Not the one? Search for your essay title...
  • Join over 1.2 million students every month
  • Accelerate your learning by 29%
  • Unlimited access from just £6.99 per month

See related essaysSee related essays

Related GCSE Art essays

  1. Forerunners of Impressionism

    This is evident in his painting Olympia- (1863). Manet is active with his brushwork often dragging colours in thick strokes. Manet also developed strong contours with forms like the lying woman, reducing her to a mass of light with hardly any tone.

  2. Writing about impressionism, about two impressionists and discussing their work.

    He travelled through Italy entering galleries and copying the drawings. Like Renoir, Degas is also a painter of people but unlike other impressionists he worked in a studio as he thought a painting was formed in the mind of an artist.

  1. The Effects of the Nazi Political Movement on German Visual Arts

    Notice the appealing, peaceful sky and the healthy red cheeks of both the young and old people. Even though their facial expressions show little evidence of an idealistic lifestyle, it is important to remember that the painting had to have a serious, unsuspicious tone.

  2. Impressionism is the movement in painting that was developed in the late 19th century ...

    During the 1860's he was associated with the preimpressionist painter Edouard Manet and with other French painters who later formed the impressionist school. They are Camille Pissarro, Pierre Auguste Renoir and Alfred Sisley. Around the same period, Monet painted simple landscapes and scenes of contemporary middle-class society and had some success at official exhibitions.

  1. Vincent van Gogh

    Stoke's school and later helped Reverend Mr.Jones in Isleworth. In July 1878, Vincent traveled to Brussels and went to Flemish Evangelical School to earn a license as a lay preacher. However, to his disappointment, he did not complete the course and left. In 1879, Vincent was given a job as a lay preacher in Wasmes in the mining region of Mons.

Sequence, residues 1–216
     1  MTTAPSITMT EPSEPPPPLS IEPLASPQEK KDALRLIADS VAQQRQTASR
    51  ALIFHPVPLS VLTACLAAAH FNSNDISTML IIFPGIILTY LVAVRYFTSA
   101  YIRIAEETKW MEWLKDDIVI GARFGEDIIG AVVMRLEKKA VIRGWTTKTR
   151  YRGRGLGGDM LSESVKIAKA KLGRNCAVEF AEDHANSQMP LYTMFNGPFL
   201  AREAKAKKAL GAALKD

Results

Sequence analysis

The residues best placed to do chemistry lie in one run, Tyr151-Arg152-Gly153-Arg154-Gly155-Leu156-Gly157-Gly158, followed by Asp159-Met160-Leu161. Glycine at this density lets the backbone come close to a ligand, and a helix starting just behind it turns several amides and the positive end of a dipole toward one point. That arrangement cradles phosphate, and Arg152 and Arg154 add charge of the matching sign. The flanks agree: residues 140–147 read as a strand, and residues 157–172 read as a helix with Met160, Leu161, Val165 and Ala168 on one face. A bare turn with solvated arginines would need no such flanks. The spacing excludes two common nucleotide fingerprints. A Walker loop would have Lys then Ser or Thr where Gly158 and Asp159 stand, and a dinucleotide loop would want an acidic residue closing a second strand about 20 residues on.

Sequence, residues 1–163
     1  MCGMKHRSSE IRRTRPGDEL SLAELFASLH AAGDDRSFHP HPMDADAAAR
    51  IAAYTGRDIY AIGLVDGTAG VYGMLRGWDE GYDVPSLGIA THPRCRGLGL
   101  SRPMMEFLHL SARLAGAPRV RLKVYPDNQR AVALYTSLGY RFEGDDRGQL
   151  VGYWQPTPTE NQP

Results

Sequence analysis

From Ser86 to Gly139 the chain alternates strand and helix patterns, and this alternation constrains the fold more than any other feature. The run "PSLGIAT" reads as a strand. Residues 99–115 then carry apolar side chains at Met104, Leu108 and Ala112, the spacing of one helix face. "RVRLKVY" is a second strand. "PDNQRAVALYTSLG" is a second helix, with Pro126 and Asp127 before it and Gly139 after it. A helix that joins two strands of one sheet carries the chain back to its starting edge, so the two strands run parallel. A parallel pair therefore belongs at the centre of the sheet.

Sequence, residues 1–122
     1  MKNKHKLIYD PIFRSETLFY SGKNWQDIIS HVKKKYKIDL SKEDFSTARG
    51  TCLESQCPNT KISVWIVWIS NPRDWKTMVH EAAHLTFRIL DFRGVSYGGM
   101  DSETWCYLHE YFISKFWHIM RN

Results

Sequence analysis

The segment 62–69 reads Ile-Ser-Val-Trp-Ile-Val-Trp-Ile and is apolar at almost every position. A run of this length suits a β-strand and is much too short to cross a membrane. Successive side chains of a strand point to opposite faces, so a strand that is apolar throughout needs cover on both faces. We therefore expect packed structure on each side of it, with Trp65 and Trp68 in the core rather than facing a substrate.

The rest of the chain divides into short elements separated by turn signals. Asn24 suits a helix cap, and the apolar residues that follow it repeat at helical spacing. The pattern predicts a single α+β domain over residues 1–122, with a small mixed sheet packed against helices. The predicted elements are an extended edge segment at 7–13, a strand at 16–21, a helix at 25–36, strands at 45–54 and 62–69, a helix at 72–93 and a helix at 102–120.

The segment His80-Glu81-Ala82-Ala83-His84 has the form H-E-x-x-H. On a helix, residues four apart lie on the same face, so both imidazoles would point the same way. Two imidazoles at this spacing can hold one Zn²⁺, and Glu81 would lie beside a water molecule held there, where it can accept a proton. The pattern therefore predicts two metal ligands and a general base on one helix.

2. Romanticism v realism

    The painting is highly characterized by use of sharp light and shade as well as the naturalistic element. The light descends from the dark hues in the stormy clouds and into the open sea. Gericault avoided showing the most horrific aspects of the event in choosing to depict the moment

  1. History of Art - What Are The Key Characteristics Of Impressionism.

    The wonder of light models and silhouettes the figures from behind. In many of Degas paintings he has his subjects in very informal poses, such as stretching which gives the effect of being glimpsed in passing. Degas is very aware of the brushstrokes and texture which is show through the visible freedom of the brushstrokes.

  2. History of Art - Post Impressionism.

    We see C�zanne's use of image flattening and the Japanese print influence in "The Basket of Apples" (1890/94), the black line around the apple and black outline links with the structure of the painting, he flattens the 3 dimensional potential.

  • Over 160,000 pieces
    of student written work
  • Annotated by
    experienced teachers
  • Ideas and feedback to
    improve your own work